Because Sobolewski didn’t realize that the sale price only applied to the two-bottle deal, instead of leaving a tip like he thought, he was actually short. A single bottle costs $2.29 and with tax applied, he was actually $0.43 short.
Instead of simply realizing the error and chalking it up to a harmless mistake, the store called the police — over 43 cents. According to police, the store clerk followed Sobolewski out of the store and told him that $2.00 was not enough, but when he did the math for a $1.50 soda, it was more than enough, so he drove off.
How it escalated to the next level of police involvement is unclear as the clerk told police that Sobelewski “threw $2 onto the checkout counter.” And, by his math, he actually tipped the clerk.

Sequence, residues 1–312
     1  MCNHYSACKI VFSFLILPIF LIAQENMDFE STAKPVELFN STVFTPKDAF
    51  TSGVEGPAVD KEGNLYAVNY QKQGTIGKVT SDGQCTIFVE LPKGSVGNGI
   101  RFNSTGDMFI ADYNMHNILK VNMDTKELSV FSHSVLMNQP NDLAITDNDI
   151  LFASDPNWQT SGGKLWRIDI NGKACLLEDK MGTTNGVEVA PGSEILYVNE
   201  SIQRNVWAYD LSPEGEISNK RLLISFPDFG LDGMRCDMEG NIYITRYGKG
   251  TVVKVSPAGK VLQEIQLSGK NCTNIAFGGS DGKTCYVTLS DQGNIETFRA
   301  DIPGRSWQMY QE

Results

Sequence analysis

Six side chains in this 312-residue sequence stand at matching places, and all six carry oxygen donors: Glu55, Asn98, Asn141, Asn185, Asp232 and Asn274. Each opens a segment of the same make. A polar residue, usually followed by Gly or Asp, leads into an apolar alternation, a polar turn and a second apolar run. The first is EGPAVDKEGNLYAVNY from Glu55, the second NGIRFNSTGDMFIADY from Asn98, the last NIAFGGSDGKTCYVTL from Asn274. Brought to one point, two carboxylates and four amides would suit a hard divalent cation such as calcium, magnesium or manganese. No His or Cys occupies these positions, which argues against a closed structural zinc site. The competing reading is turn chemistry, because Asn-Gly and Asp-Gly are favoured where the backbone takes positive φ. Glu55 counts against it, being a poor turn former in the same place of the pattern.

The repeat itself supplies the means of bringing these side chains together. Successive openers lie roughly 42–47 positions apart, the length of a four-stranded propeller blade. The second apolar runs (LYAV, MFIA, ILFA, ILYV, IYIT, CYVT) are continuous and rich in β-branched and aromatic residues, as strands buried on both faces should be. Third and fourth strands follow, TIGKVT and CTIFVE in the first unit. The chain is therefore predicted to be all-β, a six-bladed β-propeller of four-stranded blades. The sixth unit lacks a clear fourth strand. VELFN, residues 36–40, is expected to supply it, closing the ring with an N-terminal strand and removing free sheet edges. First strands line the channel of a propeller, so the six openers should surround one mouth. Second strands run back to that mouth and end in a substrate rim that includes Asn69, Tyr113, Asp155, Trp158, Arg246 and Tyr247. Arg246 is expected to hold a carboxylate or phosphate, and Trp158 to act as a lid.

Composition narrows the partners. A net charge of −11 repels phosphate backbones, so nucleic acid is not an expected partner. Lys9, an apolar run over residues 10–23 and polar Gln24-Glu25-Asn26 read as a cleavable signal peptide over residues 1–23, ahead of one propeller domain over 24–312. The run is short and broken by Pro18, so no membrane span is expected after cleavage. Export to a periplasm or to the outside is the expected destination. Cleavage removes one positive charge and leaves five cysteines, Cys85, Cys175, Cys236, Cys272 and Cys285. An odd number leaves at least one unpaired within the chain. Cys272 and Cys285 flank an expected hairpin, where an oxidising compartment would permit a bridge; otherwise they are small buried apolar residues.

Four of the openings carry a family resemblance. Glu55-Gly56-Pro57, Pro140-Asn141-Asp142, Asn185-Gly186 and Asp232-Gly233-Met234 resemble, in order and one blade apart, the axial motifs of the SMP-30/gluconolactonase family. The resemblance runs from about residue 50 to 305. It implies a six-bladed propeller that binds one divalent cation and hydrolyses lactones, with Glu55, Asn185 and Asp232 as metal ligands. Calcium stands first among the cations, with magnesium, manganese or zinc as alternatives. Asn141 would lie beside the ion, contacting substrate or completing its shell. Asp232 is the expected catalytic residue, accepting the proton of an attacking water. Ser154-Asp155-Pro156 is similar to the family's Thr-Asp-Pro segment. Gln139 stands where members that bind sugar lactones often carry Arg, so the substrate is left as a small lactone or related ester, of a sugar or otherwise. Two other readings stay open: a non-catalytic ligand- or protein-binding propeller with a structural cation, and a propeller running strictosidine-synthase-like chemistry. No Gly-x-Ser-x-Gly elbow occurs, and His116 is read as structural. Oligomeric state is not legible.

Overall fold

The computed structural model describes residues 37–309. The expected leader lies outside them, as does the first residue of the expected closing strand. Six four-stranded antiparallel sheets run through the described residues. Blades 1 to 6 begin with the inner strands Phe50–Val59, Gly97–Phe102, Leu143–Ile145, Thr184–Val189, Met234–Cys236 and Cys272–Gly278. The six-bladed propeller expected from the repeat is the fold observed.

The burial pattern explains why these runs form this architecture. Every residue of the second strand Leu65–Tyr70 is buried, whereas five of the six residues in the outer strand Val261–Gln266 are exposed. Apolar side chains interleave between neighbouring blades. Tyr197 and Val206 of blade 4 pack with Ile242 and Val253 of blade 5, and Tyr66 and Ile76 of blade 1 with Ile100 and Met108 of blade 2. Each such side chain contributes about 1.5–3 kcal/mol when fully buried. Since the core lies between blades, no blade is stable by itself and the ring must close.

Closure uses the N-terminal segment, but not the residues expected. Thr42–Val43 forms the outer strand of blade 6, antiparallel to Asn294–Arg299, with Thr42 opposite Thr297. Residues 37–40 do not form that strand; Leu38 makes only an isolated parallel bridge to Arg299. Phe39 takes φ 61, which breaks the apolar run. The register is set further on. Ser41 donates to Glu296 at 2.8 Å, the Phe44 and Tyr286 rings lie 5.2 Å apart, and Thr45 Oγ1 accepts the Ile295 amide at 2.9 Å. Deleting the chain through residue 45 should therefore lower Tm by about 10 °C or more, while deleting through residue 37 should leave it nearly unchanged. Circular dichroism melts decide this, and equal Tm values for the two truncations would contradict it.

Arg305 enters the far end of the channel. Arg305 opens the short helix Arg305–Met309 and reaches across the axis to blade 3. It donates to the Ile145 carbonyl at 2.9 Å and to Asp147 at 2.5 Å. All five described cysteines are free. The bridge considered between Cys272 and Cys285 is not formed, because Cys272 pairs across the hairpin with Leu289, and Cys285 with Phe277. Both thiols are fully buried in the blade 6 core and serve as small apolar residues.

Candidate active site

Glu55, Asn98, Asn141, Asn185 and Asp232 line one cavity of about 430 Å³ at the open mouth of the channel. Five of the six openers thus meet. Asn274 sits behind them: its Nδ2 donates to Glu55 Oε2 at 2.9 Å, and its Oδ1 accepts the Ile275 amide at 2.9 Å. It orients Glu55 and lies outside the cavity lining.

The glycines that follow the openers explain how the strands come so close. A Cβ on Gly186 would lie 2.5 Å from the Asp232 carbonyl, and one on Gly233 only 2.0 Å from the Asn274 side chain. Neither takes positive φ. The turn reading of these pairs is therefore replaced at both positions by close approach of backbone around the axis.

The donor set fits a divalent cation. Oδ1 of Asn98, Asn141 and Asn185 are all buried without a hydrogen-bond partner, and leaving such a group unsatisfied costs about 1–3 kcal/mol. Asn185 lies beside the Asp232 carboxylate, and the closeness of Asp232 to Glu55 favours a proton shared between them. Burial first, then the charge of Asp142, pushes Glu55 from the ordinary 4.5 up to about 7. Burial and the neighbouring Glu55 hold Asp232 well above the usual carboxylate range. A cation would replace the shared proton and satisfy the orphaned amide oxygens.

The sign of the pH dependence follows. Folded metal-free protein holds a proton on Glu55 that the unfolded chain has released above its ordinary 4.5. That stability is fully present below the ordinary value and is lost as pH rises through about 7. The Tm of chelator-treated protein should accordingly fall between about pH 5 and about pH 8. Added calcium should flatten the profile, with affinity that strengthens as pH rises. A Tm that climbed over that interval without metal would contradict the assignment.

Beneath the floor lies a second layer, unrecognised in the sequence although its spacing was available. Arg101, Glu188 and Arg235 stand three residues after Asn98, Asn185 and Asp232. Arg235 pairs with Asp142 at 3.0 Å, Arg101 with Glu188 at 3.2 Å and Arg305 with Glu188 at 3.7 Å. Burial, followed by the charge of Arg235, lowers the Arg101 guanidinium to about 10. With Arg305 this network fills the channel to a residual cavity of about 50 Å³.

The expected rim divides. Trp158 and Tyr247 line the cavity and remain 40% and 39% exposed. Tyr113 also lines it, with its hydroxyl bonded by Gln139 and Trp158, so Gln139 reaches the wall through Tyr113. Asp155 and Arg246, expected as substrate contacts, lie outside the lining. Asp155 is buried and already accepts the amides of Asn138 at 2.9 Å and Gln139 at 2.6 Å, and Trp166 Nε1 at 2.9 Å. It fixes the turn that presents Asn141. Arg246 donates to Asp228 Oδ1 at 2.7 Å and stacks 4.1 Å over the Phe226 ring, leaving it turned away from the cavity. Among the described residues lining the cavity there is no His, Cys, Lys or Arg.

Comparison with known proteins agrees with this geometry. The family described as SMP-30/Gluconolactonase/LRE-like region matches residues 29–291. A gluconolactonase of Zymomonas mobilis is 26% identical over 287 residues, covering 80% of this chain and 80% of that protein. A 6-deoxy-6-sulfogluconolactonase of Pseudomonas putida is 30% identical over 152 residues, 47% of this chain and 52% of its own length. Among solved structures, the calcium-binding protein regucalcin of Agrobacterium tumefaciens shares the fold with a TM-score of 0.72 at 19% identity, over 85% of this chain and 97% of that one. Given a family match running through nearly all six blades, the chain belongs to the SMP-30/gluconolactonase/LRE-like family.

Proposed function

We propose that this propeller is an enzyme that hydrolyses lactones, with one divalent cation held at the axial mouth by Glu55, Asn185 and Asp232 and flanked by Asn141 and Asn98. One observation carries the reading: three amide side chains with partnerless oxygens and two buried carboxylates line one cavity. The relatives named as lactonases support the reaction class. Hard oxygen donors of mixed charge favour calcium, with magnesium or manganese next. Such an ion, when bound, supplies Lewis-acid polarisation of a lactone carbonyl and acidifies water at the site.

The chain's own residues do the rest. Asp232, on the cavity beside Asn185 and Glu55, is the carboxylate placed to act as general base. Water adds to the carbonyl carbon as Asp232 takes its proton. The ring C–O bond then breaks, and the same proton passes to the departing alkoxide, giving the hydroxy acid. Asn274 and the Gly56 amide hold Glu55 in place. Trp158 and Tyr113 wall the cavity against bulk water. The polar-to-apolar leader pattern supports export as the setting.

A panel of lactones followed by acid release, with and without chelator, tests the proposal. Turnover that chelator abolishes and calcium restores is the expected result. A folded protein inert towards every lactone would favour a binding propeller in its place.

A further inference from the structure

When police caught up to Sobolewski, instead of simply asking him for two quarters to pay his tab, they arrested him on felony theft charges and locked him in a cage because the store clerk wanted him to be punished. According to Pennsylvania State police spokeswoman Megan Ammerman, troopers “cannot decide to not charge someone for a criminal case, only victims of certain crimes can decline charges. If we are called to an incident involving a crime we follow and enforce the PA Crimes Code.”
After he was arrested and thrown in a cage, to top it off, they set his bail at a $50,000 cash-only bond, meaning he will sit in that cage until his trial in November as he is unable to pay for it.
An apparent training exercise at Fort Meade in Maryland prompted a number of national outlets to report that multiple people had been shot at the facility Thursday morning.
CNN, along with at least one AFP reporter and The Sun, reported on the incident.
The AFP and The Sun have since updated that the incident was an exercise.
The size of a grain of sand, dispersed microfliers could monitor air pollution, airborne disease, and environmental contamination.
Northwestern University engineers have added a new capability to electronic microchips: flight.